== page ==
Law should be an Oscar candidate playing Dom Hemingway.
Director: Richard Shepard (The Hunting Party)
Cast: Jude Law (The Grand Budapest Hotel), Richard E. Grant (Gosford Park)
Runtime: 93 min.
by John DeSando
“Oh. I'll tell you who I am. I'm the f----r who'll tear your nose off with my teeth. I'm the f----r who will gut you with a dull cheese knife and sing Gilbert and Sullivan while I do it. I'm the f----r who'll dump your dead body in a freezing cold lake and watch you sink to the bottom like so much shit. I am that f----r. That's the f----r who I am.” Dom Hemingway (Jude Law)
If you agree Matthew McConaughey deserved the Oscar last year in Dallas Buyers Club, playing a reprobate turned good, then you will agree Jude law in Brit gangster comedy Dom Hemingway should be nominated: He’s better than the very good Matthew with a less redeemable character.
From the opening quote, Dom carries the physical and verbal venom built from 12 years in prison (because he would not rat on the leader of a heist). His language is both profane and ingenious, a mind rich with imagination but untutored. After awhile, his metaphors and quotes from the likes of Shakespeare help to broaden our appreciation for a wild cockney hood on a long rehab.
The richness of language is not restricted to Dom, for buddy Dickie (Richard E. Grant in a solidly entertaining role) describes a kingpin: “He was raised in a Russian orphanage and kills people for a living. Of course he has a well-stocked bar.” Hoodlum leader Lestor (Jumayn Huntere) tells Dom in similarly inventive language, “See, there is a part of me that wants to put you in the trunk of my sister's Prius, drive you up to Canvey Island and bury you up to your thick f----ng neck, cover your fat f----ng face in hamburger patties and let the creatures of the night eat you to death while I watch.”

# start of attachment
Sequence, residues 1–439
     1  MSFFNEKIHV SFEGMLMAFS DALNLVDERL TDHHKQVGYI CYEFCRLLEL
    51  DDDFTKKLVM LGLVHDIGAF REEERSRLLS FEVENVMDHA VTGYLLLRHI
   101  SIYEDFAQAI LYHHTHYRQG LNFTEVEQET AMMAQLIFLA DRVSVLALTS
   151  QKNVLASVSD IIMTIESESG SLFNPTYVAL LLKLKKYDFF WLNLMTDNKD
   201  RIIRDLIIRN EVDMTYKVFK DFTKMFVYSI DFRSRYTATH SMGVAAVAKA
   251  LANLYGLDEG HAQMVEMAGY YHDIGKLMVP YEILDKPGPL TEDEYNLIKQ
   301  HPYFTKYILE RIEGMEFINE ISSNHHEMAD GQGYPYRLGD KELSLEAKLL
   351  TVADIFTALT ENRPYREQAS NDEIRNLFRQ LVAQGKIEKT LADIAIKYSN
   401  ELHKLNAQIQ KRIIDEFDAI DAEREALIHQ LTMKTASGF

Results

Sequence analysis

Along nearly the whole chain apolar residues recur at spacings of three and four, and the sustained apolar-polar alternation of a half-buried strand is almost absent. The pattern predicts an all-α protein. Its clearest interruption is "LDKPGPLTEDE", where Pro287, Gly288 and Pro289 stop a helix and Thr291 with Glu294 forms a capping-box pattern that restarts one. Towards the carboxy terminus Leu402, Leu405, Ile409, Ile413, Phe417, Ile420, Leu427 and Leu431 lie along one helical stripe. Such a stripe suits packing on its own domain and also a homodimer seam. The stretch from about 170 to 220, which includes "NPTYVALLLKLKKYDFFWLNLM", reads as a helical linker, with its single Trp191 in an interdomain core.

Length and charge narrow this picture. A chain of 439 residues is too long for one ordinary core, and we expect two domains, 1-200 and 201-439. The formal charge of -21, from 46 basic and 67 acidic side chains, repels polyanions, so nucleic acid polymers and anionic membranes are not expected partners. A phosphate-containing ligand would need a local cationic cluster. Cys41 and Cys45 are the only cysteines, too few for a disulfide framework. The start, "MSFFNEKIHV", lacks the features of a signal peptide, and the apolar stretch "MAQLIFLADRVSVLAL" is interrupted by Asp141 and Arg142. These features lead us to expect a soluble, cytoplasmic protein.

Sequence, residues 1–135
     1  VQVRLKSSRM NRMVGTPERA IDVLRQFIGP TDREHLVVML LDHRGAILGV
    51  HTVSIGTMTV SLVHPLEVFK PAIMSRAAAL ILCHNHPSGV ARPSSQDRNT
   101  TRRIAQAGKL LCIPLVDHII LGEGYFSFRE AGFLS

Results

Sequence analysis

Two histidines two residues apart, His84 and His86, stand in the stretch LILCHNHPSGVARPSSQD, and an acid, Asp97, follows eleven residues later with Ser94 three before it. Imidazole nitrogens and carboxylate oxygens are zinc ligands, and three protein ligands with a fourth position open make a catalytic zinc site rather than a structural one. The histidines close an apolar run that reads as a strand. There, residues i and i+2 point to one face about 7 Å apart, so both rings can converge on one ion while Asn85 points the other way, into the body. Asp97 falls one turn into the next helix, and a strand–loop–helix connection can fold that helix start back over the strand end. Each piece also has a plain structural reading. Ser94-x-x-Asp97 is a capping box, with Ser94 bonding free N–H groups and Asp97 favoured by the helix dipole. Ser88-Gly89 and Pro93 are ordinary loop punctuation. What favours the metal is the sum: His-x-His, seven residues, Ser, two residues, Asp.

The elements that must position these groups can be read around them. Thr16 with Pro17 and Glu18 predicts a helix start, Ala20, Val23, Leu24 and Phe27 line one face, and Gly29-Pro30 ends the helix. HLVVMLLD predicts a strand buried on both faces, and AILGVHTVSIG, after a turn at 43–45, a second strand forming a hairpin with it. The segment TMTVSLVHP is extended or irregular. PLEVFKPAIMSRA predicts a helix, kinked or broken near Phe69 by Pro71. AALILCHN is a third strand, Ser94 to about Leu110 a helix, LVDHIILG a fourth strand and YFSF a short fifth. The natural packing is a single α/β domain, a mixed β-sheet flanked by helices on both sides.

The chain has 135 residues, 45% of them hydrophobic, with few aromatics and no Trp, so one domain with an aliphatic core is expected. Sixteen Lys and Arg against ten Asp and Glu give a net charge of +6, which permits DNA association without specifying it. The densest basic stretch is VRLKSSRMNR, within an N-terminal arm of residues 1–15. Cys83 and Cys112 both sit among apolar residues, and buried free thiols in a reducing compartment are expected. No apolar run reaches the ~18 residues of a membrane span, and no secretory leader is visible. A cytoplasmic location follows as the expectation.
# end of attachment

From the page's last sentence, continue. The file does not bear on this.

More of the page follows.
Law’s Dom is ever analyzing his brutality, the first step toward balancing his life: “Oh, my head is throbbing. It's f----n' throbbin', Dickie. Like a disco in my head. Like a f----ng Manila disco full of transvestites and suckling pigs.” His demons are real in his head.
For an ex-con, gaining back the money he lost in the heist is an obsession leading him into anti-social actions (“I got anger issues.”), but he’s smart enough to see that more satisfactory than those millions is reconciliation with his daughter, whom he abandoned as a child along with her cancer -infected mother. Although these reflections slow the film, they provide a reason for his redemption.
Yet, this all leads to an arguably realistic ending in which an incantation by a woman he saved comes to his rescue too conveniently. However, his change of fortune also accommodates Dom’s natural inclination for larceny, a nice touch that doesn’t compromise a story seeming to aim at a sappy ending.
This unusual comedy combines the ridiculous with the realistic, and director-writer Richard Shepard makes it, as Dom says, “easy, peasy lemon squeezy.”
John DeSando, a Los Angeles Press Club first-place winner for National Entertainment Journalism, hosts WCBE’s It’s Movie Time and co-hosts Cinema Classics. Contact him at JDeSando@Columbus.rr.com